If bronchiectasis has caused severe lung damage and your symptoms have become debilitating, your NYU Langone pulmonologist may recommend surgery. Doctors generally recommend surgery when damage is limited to one area of the airways, making it easier to remove through a surgical procedure. However, doctors may consider surgery even if lung damage is widespread, since it may decrease the risk of infection.
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During a lobectomy, the affected lobe—a section of lung—is removed, while the healthy parts of the lung remain intact. Most lobectomies can now be performed using video-assisted thoracic surgery, a minimally invasive procedure. The surgery requires general anesthesia.
During a video-assisted lobectomy, a surgeon makes four small incisions in the chest near the affected lung. He or she inserts a thoracoscope—a long, thin tube with a camera that provides a view of the chest cavity—into one of the incisions. The camera projects an image onto a video screen, helping to guide the surgeon during the procedure. The surgeon inserts surgical instruments through the other incisions in order to remove the lobe.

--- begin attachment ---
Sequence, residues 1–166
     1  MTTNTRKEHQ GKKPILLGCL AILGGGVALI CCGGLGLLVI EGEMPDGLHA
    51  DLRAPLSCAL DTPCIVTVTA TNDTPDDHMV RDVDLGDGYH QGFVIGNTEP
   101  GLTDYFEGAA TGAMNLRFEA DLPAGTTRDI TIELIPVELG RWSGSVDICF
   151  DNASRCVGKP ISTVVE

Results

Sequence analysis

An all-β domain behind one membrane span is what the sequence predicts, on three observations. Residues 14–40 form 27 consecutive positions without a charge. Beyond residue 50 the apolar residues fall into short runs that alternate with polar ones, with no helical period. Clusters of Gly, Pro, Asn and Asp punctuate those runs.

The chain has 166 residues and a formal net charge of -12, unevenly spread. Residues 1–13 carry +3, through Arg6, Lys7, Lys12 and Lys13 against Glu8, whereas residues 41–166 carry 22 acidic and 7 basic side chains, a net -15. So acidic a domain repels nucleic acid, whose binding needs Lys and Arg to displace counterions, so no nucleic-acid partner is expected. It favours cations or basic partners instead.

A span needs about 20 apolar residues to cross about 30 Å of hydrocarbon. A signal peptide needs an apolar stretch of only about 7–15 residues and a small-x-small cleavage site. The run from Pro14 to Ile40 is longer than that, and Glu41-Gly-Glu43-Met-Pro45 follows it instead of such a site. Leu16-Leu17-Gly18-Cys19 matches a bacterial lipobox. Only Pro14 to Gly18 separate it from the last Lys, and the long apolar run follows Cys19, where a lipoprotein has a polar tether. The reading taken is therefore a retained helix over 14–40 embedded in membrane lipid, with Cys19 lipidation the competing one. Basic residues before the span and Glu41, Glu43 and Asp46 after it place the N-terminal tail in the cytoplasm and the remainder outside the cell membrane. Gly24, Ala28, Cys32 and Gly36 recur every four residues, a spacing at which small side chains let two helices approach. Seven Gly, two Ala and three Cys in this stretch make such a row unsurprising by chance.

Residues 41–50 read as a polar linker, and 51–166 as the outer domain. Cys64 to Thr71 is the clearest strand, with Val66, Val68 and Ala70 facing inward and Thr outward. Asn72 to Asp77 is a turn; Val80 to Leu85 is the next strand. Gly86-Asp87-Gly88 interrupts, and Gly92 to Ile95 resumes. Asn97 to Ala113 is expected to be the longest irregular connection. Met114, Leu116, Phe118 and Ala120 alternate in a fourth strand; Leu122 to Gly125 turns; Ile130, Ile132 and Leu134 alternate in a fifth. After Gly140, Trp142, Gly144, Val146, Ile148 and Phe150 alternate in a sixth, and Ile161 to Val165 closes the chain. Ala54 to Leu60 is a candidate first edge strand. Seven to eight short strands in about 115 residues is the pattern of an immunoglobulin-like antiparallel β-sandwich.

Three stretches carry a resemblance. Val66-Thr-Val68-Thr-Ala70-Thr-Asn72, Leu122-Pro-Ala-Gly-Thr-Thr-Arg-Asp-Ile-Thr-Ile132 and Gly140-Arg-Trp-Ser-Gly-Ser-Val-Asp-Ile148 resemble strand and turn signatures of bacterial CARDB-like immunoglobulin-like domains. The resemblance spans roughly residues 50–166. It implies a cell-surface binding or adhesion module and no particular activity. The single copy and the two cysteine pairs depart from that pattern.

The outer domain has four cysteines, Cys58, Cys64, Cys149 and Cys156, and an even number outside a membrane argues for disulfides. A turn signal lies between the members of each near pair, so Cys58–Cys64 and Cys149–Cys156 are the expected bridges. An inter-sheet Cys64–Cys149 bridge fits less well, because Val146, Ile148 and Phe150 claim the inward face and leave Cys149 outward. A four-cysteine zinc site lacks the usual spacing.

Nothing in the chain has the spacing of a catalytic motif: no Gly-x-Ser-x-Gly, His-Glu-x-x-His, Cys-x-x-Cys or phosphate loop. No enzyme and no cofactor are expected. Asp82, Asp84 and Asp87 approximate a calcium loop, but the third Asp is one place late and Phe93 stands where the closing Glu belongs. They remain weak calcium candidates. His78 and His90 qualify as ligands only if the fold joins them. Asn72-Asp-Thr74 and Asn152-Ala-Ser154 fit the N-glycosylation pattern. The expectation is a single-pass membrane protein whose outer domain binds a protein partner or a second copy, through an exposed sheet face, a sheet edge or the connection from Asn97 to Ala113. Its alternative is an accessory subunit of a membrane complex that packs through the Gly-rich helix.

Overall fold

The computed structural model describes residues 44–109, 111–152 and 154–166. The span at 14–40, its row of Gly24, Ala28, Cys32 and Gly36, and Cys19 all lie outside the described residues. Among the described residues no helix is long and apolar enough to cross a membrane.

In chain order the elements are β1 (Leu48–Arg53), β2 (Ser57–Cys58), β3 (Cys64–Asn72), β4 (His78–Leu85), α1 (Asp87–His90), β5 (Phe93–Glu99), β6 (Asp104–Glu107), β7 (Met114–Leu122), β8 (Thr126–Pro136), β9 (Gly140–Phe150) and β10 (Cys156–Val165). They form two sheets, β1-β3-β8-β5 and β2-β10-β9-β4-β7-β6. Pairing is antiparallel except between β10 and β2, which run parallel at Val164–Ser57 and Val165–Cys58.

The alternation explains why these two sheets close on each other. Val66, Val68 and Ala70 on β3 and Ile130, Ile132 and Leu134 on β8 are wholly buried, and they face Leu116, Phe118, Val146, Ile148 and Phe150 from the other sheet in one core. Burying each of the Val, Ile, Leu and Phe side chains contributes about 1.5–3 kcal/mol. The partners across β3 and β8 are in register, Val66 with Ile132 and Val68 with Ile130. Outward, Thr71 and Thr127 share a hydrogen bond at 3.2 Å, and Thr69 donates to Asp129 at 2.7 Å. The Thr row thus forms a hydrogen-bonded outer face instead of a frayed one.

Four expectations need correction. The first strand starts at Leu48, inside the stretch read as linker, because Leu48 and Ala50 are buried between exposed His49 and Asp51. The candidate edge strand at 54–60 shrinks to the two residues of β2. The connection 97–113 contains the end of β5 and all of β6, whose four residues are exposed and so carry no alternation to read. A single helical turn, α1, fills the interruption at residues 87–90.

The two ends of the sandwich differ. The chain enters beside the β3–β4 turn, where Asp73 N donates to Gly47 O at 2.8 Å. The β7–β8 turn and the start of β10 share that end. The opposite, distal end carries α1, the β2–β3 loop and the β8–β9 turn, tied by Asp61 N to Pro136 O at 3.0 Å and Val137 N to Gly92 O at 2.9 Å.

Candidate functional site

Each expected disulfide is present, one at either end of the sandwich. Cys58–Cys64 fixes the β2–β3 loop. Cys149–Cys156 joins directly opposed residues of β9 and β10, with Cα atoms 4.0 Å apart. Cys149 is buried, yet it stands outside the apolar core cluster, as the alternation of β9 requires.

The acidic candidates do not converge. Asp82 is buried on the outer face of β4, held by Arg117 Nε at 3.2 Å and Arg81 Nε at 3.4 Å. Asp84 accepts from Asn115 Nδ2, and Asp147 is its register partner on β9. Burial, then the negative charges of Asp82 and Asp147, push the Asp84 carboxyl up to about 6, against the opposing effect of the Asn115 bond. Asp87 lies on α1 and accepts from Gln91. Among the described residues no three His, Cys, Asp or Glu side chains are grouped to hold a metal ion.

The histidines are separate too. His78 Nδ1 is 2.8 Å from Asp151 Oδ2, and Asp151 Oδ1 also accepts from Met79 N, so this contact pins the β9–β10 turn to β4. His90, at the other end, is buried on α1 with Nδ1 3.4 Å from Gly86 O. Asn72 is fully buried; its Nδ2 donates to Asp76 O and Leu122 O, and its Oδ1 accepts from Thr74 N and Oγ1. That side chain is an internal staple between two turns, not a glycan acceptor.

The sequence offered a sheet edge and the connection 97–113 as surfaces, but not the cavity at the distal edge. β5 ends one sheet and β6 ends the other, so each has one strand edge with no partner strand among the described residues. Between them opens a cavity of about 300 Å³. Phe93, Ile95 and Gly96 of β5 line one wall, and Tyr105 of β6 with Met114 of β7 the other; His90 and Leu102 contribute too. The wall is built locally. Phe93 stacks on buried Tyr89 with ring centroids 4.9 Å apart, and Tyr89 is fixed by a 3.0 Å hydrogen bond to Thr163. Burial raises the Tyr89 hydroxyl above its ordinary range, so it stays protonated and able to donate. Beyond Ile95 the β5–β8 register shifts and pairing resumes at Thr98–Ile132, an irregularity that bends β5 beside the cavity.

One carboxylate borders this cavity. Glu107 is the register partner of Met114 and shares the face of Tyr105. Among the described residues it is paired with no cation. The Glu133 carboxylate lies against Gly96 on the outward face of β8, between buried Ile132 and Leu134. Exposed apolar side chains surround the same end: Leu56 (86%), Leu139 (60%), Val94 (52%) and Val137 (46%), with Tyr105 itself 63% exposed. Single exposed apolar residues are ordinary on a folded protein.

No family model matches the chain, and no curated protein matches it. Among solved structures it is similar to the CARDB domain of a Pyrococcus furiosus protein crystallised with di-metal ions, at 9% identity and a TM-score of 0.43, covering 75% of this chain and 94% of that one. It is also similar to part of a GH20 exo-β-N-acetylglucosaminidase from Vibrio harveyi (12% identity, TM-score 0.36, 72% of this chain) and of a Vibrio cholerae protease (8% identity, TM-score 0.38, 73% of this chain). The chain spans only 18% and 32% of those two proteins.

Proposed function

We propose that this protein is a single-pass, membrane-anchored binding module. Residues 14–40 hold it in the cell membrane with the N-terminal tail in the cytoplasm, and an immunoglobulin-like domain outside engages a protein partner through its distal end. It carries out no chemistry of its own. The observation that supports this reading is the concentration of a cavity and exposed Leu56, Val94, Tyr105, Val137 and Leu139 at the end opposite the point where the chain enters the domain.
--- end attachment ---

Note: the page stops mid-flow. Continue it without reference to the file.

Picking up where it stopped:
After a lobectomy, you remain in the hospital for several days. Your doctor may prescribe pain medication to alleviate any discomfort and give you supplemental oxygen until you are able to breathe on your own.
While you are in the hospital, NYU Langone pulmonary rehabilitation specialists teach you deep breathing and coughing exercises, which help to reopen your airways and strengthen your lungs after surgery.
Once you return home, your doctor may advise avoiding heavy lifting for a few weeks, as well as exposure to smoke and fumes. He or she encourages you to continue performing the breathing exercises learned during pulmonary rehabilitation.
A lung transplant may be an option for people whose symptoms are worsening despite aggressive treatment, and who are becoming more and more dependent on oxygen. During the procedure, a surgeon removes a diseased lung and replaces it with a healthy one.
If you have severe bronchiectasis, you and your doctor can discuss this option. Your doctor may refer you to a lung transplantation center in your area if it’s appropriate.
Pulmonary rehabilitation specialists at NYU Langone’s Rusk Rehabilitation can help you prepare for lung transplantation and build strength after the procedure.
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